Twenty-first in a series of pioneer profiles
Patricia Kellogg celebrated her 80th birthday recently by returning to her birthplace.
“We were in town shopping and my daughter said ‘Mom, I want to get a picture of you in front of your grandmother’s house.’ I said oh, I’d love it. We went up to take the picture and she walked in!”
There, in the front room of 112 Vernon Street — now the How Shang Shway teahouse — was her family, including a brother and sister, gathered for a surprise party.
Owners Pao Yu Lee and Ming Chin Liu had prepared a luncheon and their daughter played Happy Birthday and other songs on the Chinese zither. They also gave Kellogg a tour, although aside from the staircase and fireplace, she didn’t recognize much. Still, “my grandmother’s aura was overwhelming.”
Her grandmother, Dora Hordal Kellogg, bought the house in 1931, after several years of renting it with husband Albert. Their son Francis (Kelly) and his wife Eileen also moved in, and the following year Pat, the second eldest of four, was born to the couple in an upstairs bedroom — she’s the only one of her siblings born in the house.
Pat moved to Trail with her family when she was 11 or 12, but later returned to Nelson to stay with her grandmother, who built her a basement suite.
“She was an incredible lady,” Pat says. “She was head of the family. My grandfather said she was the most beautiful woman in Nelson. He worshipped her.”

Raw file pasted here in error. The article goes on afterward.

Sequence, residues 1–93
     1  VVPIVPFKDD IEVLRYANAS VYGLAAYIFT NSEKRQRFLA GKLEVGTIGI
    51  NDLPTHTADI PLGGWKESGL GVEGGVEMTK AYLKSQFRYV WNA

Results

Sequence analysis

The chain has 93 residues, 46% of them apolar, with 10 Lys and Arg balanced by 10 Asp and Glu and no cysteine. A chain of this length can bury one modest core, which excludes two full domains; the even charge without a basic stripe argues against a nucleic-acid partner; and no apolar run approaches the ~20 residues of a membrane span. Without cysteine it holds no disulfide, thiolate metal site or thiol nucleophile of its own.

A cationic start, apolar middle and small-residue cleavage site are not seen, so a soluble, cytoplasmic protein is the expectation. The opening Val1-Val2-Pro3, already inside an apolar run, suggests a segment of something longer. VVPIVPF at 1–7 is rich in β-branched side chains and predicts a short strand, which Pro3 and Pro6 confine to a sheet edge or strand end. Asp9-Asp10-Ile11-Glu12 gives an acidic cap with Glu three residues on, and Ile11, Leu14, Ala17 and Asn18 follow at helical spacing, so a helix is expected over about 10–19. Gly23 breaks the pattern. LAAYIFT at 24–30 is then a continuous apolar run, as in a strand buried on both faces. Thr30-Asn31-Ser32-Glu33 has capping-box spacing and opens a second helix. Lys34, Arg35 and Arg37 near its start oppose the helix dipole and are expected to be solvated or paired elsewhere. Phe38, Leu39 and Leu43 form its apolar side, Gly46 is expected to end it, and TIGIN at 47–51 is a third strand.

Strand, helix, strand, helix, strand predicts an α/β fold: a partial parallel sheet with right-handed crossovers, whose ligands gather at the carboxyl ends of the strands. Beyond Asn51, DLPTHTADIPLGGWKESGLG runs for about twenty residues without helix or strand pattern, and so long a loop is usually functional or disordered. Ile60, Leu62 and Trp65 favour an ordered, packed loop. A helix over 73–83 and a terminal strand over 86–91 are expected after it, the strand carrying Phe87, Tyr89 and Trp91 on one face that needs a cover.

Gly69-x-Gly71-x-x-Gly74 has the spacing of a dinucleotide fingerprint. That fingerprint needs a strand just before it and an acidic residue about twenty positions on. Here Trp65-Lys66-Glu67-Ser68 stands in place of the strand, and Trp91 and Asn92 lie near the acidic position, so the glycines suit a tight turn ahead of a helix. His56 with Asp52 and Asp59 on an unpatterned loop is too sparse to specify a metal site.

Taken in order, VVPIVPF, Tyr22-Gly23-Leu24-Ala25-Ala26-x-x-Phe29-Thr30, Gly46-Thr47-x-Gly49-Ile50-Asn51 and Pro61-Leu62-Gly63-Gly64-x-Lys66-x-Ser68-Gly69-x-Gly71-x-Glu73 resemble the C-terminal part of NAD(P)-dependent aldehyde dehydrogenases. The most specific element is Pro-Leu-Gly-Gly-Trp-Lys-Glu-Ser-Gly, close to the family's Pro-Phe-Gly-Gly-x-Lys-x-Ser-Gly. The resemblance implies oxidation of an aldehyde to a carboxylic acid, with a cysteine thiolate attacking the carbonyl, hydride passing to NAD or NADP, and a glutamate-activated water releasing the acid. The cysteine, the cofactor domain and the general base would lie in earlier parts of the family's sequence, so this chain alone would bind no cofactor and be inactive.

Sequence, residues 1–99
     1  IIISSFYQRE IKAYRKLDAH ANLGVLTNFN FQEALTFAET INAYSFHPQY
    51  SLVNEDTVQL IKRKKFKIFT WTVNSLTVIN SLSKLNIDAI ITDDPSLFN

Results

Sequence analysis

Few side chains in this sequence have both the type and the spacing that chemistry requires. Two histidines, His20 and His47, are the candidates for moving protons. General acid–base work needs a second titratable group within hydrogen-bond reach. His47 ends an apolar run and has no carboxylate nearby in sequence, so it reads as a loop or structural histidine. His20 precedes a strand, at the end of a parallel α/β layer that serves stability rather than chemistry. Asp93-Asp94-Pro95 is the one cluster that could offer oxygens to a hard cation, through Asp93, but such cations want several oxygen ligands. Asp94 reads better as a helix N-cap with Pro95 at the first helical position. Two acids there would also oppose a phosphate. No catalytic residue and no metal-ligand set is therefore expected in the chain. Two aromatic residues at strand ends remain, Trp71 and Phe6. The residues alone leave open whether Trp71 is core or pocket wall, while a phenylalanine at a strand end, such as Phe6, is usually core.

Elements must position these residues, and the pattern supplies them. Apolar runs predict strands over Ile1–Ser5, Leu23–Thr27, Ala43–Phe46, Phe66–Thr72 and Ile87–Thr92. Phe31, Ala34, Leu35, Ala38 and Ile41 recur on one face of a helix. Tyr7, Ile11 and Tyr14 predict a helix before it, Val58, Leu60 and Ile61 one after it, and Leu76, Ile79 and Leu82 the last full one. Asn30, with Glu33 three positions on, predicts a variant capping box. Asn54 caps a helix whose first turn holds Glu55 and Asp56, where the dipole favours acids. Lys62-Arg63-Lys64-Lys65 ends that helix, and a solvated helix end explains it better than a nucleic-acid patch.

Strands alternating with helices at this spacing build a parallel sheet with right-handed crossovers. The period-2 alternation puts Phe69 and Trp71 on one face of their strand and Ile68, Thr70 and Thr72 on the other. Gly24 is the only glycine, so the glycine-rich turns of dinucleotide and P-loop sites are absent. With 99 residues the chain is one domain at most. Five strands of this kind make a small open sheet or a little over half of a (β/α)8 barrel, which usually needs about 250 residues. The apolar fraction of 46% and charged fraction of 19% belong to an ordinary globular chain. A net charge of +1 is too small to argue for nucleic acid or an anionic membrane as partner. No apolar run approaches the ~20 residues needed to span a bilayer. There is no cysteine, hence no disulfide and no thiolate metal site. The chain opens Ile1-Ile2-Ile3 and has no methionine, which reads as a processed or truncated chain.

Albert was a driver for West Transfer, while Dora ran a boarding house, managed the Ymir Hotel’s dining room, and was a strong influence on her granddaughter, for whom she provided tailor-made clothes as well as dance, voice, and piano lessons.
(Dora asked Amy Ferguson, conductor of the Nelson boys choir, to take Pat on as a student. Ferguson said she was too busy, but quickly reconsidered when she heard Pat sing.)
Pat attended St. Joseph’s school — receiving special permission at 14 to convert to Catholicism — and sang every Sunday at both the Mary Immaculate Cathedral and United Church. She was often soloist at weddings, funerals, and other special occasions.
She attended Nelson Business College and spent a year as a secretary for a local judge before she married and moved to Hall Siding, then Ymir, where she raised four children.
At 45, she went back to work as secretary to Notre Dame University president Cecil Kaller — a job she applied for only after her daughter dared her. When the university closed, she worked for the Catholic Diocese, then became secretary to the president of David Thompson University Centre.
Out of a job again when DTUC closed, she moved to Victoria, Vancouver, and Kelowna, and held various positions with law firms and government agencies. In February of this year, she returned to the Kootenay to find peace in Salmo.
Her grandmother’s house, meanwhile, stayed in the family, and at various times her aunts Florence, Hazel, and Stella lived there with their husbands. When Pat’s grandmother died, the will stipulated it remain an apartment house, with her grandfather assured a free suite. Ownership finally fell to Stella, the last surviving sibling, who sold it in 1989 and moved to Victoria. It has changed hands several times since, most recently in 2007, and became a teahouse last year.
Pat says returning after so long to what the family still calls The House was a lovely way to celebrate her birthday: “I’ve never been so overwhelmed. I just loved that place.”
Previous installments in this series